Section 3

Space And Time In Classical Mechanics


The purpose of mechanics is to describe how bodies change their position in space with time.

What does “position” and “space” mean?

I stand at the window of a railway carriage which is travelling uniformly.

  • I drop a stone on the embankment, without throwing it.
  • Disregarding air resistance, I see the stone descend in a straight line.
  • A pedestrian on the footpath sees this and notices that the stone falls to earth in a parabolic curve.

Do the “positions” traversed by the stone lie on a straight line or on a parabola?

What does motion “in space” mean?

We should entirely shun the vague word “space”.

  • We replace it with “motion relative to a body of reference.”
  • We then replace this “body of reference” with “system of coordinates.” This will allow mathematical descriptions.

In this way:

  • relative to a system of coordinates rigidly attached to the carriage, the stone travels at a straight line
  • relative to a system of coordinates rigidly attached to the ground (embankment), the stone travels in a parabola
Moving Train Graphic
Einstein gives total importance to external movement. The problem with this is that such movement can be observed in infinite perspectives. If you extend this logic, this leads to field equations, using Galilean coordinates, that have no solution because they are inherently arbitrary. Moreover, the external-movement paradigm requires an external standard measure. For this, Einstein uses the speed of light. This is problematic because light only works for visible things, but the universe is mostly invisible. It also leads to his defintion of time as simultaniety, which is circular reasoning as he explains himself in Section 8. Instead of taking the perspective of the train and the ground, Superphysics takes the perspective of the stone. In Superphysics, the universal measure is ‘idea’, through the force-carrier called ’thought’. This allows the entire universe to be known, as long as our minds have the idea for it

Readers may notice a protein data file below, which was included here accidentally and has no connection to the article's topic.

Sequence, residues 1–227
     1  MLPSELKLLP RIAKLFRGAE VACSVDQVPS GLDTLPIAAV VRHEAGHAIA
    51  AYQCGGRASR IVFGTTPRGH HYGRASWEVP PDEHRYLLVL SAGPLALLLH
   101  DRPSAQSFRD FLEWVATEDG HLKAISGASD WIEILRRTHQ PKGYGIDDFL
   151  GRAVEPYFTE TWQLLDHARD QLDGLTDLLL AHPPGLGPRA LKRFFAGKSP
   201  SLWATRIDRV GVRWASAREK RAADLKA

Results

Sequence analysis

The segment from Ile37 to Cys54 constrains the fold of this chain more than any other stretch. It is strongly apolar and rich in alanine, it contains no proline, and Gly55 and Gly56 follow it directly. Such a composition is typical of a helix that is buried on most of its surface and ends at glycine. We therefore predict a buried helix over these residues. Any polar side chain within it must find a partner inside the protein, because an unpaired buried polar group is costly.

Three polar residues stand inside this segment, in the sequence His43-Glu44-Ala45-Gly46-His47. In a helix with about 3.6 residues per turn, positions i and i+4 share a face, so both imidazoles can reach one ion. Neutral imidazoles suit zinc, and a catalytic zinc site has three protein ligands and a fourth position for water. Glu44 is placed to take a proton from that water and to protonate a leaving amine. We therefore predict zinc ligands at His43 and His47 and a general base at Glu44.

This shows that there is no such thing as an independently existing trajectory. Instead all trajectories are relative to a viewpoint.

A complete description of a body’s motion must specify how that body changes its position with time. For every point on the trajectory, the time of the body must be stated. Such time-values are then the magnitudes (results of measurements) capable of observation.

Under Classical mecahnics, we imagine two identical clocks.

  • One is held by an observer in the railway-carriage window
  • The other is with an observer on the footpath

Each of the observers determines the position of the stone from his perspective at each tick of his clock.


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